Miss A Columnist

Casey Murphy hails from New Jersey. She has been writing fiction since the 5th grade, and loved writing so much she decided to pursue it as a career. With a B.A in English Writing under her belt, she strives to follow her passion wherever it takes her. In her spare time she can be found reading or listening to rock n’ roll on her Zune.

SyFy Channel’s Being Human

It’s like the beginning of one of those jokes: a vampire, a werewolf, and a ghost share an apartment. The thing is, it’s not a joke, but the premise of the SyFy channel’s new series: Being Human.

Set in the city of Boston, the series follows vampire, Aiden (Sam Witwer), and werewolf, Josh (Sam Huntington), who move into an apartment inhabited by a ghost named Sally (Meaghan Rath). While we may think living the life as a vampire or werewolf would be interesting, all Aiden and Josh want is to be human. And that’s what they set out to do. With jobs at a local hospital, the two spend their days as close as they can to being human, until one mishap after another makes it harder to keep their supernatural lives a secret.

The first season aired on the SyFy channel in January of this year. As a fan of many things supernatural, seeing commercials for this show interested me right away. But if you’ve ever seen anything that is called a “SyFy Channel Original” you know it generally turns out worse than you think it will from the previews. Which is why I was very shocked when the first episode left me in suspense and wanting more. At the end of every episode, I wished it was the next week so I could continue.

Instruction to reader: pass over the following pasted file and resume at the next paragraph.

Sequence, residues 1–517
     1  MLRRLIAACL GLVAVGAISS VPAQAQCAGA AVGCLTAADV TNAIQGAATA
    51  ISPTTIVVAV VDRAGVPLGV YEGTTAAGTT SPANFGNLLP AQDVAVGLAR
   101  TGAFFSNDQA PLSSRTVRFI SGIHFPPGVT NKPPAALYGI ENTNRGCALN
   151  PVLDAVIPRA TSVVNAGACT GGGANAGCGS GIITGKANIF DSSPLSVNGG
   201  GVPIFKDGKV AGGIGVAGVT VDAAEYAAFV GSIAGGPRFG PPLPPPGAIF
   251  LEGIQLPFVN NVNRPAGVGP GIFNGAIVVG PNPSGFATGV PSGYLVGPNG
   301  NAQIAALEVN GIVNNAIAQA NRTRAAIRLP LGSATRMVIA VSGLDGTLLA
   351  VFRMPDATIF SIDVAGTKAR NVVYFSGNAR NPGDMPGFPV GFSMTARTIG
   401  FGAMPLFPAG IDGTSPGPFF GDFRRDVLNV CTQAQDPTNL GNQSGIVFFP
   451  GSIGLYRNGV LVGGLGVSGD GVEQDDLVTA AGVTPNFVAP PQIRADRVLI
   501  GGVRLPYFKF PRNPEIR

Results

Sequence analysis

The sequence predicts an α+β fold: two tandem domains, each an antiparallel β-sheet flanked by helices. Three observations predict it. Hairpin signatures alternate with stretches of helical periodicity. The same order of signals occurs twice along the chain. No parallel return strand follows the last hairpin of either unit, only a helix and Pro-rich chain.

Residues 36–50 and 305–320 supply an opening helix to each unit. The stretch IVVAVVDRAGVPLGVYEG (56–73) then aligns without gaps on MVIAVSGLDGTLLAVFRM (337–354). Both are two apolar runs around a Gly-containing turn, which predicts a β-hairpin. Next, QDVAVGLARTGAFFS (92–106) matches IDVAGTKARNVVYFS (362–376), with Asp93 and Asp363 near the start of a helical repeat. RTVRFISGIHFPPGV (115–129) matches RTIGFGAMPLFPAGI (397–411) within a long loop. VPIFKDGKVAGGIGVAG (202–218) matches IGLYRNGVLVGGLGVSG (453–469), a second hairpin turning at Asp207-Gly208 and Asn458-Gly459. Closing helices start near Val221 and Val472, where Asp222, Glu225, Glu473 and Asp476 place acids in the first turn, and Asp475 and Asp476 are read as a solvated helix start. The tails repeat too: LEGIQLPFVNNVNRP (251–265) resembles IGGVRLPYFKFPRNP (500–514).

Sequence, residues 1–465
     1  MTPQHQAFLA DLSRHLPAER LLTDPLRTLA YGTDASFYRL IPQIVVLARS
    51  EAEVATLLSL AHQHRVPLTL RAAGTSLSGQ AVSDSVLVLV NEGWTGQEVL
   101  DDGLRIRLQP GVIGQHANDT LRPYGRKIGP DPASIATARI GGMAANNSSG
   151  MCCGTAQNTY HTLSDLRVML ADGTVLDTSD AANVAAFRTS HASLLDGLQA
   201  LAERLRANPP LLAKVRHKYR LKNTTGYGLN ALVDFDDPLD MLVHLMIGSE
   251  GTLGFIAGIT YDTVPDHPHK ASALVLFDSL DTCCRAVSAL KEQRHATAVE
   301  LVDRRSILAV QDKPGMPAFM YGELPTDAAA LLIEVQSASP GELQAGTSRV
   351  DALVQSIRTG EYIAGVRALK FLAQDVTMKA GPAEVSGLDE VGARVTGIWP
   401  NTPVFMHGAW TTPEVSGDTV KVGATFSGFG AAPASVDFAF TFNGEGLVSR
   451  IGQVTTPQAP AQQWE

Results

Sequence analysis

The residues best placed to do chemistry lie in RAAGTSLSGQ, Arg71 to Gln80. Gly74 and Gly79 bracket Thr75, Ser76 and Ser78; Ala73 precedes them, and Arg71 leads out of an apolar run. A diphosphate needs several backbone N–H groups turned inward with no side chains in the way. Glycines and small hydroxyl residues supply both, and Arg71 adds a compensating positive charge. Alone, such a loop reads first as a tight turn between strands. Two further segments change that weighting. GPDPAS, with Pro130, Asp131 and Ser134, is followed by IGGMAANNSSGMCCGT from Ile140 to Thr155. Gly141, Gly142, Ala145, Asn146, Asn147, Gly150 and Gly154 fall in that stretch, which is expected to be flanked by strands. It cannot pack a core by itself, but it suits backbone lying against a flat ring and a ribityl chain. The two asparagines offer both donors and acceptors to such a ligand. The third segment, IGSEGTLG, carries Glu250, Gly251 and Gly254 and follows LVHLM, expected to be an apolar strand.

Several weeks into the show I found out from a friend that the series wasn’t entirely a “SyFy Channel Original”, but a remake of the version that airs on BBC. It follows the basic plot of the BBC version, which is currently starting its fourth season. The main differences are additional episodes in the American version, making it much longer than the British version, as well as name changes to the characters.

Many fans have seen both versions of the addictive series, and tend to side with the British version saying that it is better in many ways. Personally, I don’t see how either series is that much different from each other. I think both have great actors that allow the audience to find their own ways for connecting with the series. Both have their pros and cons, but doesn’t every original and remake? My suggestion is to watch them both. Even though their main plots are similar, there are still twists and turns in both that will keep the viewer wondering what it’s really like being human.

 

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